Off-Season Tempo Training
Backpacker|January 2022
During the winter, focused training can help ensure your next hiking season will be even better than the last—and help snowsport performance, too. Tempo training allows you to zero in on issues like shaking quads on descents, sore glutes after ascents, or tender calf muscles. Complete the following workout once or twice a week.
LEE WELTON

Tempo Training

This workout method slows down each repetition, putting your muscles under tension for longer periods of time. Tempo training builds strong tendons and ligaments while boosting muscle strength and endurance. Every exercise movement includes eccentric (lowering), concentric (raising), and two isometric (contraction without movement) phases. Tempo training focuses on the eccentric—or elongating—part of the movement to create positive physical stress that makes you stronger overtime. This type of movement can cause increased muscle soreness, so use less weight than you typically would for each exercise.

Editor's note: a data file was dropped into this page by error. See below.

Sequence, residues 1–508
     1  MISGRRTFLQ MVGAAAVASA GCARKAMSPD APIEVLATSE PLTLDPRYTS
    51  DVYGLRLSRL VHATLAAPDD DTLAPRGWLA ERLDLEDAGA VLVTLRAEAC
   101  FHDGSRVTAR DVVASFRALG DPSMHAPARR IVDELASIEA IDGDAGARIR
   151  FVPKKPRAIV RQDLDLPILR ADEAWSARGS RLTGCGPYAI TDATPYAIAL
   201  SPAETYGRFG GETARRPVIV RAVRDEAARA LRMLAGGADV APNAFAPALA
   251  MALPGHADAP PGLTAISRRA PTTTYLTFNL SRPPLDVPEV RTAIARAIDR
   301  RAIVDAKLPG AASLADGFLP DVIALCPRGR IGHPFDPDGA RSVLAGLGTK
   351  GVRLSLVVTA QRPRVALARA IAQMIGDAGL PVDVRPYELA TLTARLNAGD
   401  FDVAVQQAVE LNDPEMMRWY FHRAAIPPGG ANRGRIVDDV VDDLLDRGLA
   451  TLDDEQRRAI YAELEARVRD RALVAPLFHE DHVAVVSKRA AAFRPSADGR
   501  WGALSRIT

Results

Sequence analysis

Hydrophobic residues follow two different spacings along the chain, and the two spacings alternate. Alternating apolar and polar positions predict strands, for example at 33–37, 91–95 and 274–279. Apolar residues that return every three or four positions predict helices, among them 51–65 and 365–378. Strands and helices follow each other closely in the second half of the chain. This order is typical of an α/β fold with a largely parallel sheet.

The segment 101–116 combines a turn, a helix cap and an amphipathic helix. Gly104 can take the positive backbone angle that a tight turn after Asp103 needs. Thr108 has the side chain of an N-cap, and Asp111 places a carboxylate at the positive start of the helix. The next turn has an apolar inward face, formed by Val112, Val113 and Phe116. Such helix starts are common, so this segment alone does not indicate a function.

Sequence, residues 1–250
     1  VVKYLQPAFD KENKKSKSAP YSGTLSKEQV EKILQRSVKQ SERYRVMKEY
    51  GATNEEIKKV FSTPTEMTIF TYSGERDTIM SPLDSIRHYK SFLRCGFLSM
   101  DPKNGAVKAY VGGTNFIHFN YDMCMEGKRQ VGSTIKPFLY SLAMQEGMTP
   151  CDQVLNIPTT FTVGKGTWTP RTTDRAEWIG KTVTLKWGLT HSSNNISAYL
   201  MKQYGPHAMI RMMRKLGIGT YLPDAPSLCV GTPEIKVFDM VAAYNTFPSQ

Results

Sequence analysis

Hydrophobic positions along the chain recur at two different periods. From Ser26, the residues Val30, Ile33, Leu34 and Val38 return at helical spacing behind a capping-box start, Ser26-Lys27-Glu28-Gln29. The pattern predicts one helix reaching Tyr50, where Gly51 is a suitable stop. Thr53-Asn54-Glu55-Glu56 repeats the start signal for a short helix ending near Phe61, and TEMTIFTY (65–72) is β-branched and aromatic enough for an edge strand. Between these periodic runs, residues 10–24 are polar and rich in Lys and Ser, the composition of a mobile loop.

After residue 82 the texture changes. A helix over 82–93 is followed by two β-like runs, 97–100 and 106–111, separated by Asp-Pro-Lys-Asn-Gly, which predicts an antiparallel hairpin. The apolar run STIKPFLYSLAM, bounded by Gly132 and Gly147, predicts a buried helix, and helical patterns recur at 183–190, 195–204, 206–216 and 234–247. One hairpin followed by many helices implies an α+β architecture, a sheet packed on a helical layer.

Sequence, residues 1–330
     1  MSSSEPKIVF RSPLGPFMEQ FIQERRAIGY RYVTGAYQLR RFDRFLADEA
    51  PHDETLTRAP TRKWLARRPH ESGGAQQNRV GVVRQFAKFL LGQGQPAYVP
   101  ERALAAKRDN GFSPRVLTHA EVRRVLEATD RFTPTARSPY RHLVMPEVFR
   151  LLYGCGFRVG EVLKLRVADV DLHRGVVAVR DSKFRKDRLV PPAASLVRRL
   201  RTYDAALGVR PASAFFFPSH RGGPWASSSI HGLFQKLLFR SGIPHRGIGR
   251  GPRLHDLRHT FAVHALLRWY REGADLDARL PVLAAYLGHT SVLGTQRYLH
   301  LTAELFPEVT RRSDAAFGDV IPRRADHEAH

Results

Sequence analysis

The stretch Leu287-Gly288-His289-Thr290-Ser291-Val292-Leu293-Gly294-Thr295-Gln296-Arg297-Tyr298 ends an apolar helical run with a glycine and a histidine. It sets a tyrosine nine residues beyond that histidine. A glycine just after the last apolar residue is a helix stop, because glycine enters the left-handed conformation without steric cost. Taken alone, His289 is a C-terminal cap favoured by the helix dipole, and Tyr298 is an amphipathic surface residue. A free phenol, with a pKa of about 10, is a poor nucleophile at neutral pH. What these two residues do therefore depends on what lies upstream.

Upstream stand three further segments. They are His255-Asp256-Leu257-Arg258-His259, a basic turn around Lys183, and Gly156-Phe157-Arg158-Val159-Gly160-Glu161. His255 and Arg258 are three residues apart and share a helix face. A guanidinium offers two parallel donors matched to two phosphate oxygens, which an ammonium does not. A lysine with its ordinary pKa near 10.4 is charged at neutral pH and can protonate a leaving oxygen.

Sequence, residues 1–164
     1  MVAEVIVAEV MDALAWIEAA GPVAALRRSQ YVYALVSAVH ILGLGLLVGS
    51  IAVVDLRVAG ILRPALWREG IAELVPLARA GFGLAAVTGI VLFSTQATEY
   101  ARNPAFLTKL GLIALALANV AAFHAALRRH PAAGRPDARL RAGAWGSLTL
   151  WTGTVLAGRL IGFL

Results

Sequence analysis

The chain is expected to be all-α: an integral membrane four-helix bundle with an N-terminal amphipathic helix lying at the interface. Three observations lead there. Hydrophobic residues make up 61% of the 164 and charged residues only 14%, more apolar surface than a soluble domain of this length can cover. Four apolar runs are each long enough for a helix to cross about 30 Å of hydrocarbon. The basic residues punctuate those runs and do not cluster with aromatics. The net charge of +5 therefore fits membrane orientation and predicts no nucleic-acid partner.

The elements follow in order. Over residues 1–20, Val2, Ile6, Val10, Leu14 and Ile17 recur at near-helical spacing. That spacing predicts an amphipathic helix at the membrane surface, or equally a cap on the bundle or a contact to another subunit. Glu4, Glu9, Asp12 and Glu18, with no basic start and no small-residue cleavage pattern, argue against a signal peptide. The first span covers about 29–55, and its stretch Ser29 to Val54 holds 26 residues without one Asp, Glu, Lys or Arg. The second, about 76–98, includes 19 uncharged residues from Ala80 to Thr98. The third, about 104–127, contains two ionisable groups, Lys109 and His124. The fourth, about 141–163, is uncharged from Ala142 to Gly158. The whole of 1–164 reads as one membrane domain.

3 eccentric

1 isometric

2 concentric

0 isometric

This “code” indicates how many seconds you should spend in each phase of an exercise, and applies to all the following movements (except the warmup). Pay attention to the phases for each exercise. The zero indicates that there is no rest in between reps.

Warmup (Three sets)

1) 10 Jumping jacks

2) 10 Bodyweight squats

Standing with your feet shoulder-width apart, bend your knees and bring your butt toward the floor while maintaining a braced core and an upright torso. Squeeze your glutes and return to standing.

3) 10 Good mornings

Start with your feet shoulder-width apart and knees bent slightly. Keeping your core tight, hinge at your hips, allowing your torso to move forward. Once your torso is parallel with the floor, squeeze the back of your legs and glutes to stand.

Workout

Perform two sets of eight repetitions of each exercise for four weeks, then increase to three or four sets of 10 to 12 repetitions. Pay attention to the 3-1-2-0 timing as you progress.

4) Goblet squats

Grab a 20-pound kettlebell or dumbbell and hold it close to your chest. With an engaged core, bend your knees and bring your butt toward the floor for a count of 3 seconds. Hold for 1 second, then, maintaining an upright torso and active core, squeeze your glutes to return to standing over 2 seconds. Avoid letting your knees move inward during the squat.

5) Romanian deadlifts

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